An Introduction to the Painting of Caspar David Friedrich, Romanticism & the Sublime

When Denis Vil­leneuve was announced as the direc­tor of the lat­est cin­e­mat­ic adap­ta­tion of Dune, few could have object­ed on aes­thet­ic grounds. The blast­ed sand plan­et of Arrakis, with its storms and worms, demands a sense of the sub­lime; to a unique degree among film­mak­ers work­ing today, the auteur behind Arrival and Blade Run­ner 2049 seemed to pos­sess it. Though long since vul­gar­ized to mean lit­tle more than “high­ly enjoy­able,” sub­lime has his­tor­i­cal­ly denot­ed a rich­er, more com­plex set of qual­i­ties. The sub­lime can be beau­ti­ful, but it must also be in some way fear­some, pos­sessed of “a great­ness beyond all pos­si­bil­i­ty of cal­cu­la­tion, mea­sure­ment, or imi­ta­tion.”

That quote comes straight from the Wikipedia page on “Sub­lime (phi­los­o­phy),” which also promi­nent­ly fea­tures Cas­par David Friedrich’s paint­ing Der Wan­der­er über dem Nebelmeer, or Wan­der­er above the Sea of Fog. Com­plet­ed around 1818, it has become a famil­iar image even to those who know noth­ing of Friedrich’s work — work to which they can receive an intro­duc­tion from the new video above by Evan Puschak, bet­ter known as the Nerd­writer.

Friedrich, he explains, was “asso­ci­at­ed with Ger­man Roman­ti­cism, a ris­ing intel­lec­tu­al and artis­tic move­ment” of the late 18th and ear­ly 19th cen­turies “that sought to recon­nect human­i­ty with feel­ing and spir­i­tu­al­i­ty” after the Enlight­en­ment so desta­bi­lized human­i­ty’s Weltan­schau­ung.

Friedrich’s land­scapes, real­is­ti­cal­ly paint­ed if not nec­es­sar­i­ly faith­ful to real places, “rep­re­sent the pin­na­cle of this move­ment.” They do this by con­vey­ing “the feel­ing he has in the pres­ence of the land­scape, the stag­ger­ing encounter with the divin­i­ty he sees in it. This is the essence of the sub­lime,” which took on spe­cial urgency in an era “when sec­u­lar­ism was threat­en­ing the core of Chris­tian­i­ty.”  More than reli­gion, the Roman­tics thus began to regard nature as awe­some (in the orig­i­nal sense), hum­bling them­selves before the great­ness of land­scapes real and imag­ined. The wan­der­er loom­ing above the sea of fog is actu­al­ly an excep­tion in Friedrich’s work, most of whose human fig­ures are small enough to empha­size “the vast­ness of the ter­rain” — a sub­lime-evok­ing tech­nique that we can still feel work­ing two cen­turies lat­er, Puschak points out, in Vil­leneu­ve’s Dune.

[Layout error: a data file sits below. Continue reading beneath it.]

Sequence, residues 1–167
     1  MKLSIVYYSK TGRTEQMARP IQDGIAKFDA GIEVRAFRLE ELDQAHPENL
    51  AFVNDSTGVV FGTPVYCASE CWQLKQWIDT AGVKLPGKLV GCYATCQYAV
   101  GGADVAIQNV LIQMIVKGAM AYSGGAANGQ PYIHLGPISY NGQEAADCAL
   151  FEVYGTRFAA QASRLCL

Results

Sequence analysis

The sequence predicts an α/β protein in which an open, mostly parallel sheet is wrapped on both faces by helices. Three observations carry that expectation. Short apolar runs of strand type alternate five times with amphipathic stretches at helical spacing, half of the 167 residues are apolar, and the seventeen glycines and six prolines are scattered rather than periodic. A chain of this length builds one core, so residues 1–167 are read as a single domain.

You can pre-order Nerd­writer’s upcom­ing book Escape into Mean­ing: Essays on Super­man, Pub­lic Bench­es, and Oth­er Obses­sions here.

Relat­ed Con­tent:

How Andrew Wyeth Made a Paint­ing: A Jour­ney Into His Best-Known Work Christina’s World

When Our World Became a de Chiri­co Paint­ing: How the Avant-Garde Painter Fore­saw the Emp­ty City Streets of 2020

Why Leonar­do da Vinci’s Great­est Paint­ing is Not the Mona Lisa

Bri­an Eno on Cre­at­ing Music and Art As Imag­i­nary Land­scapes (1989)

New Study: Immers­ing Your­self in Art, Music & Nature Might Reduce Inflam­ma­tion & Increase Life Expectan­cy

Based in Seoul, Col­in Mar­shall writes and broad­casts on cities and cul­ture. His projects include the book The State­less City: a Walk through 21st-Cen­tu­ry Los Ange­les and the video series The City in Cin­e­ma. Fol­low him on Twit­ter at @colinmarshall or on Face­book.

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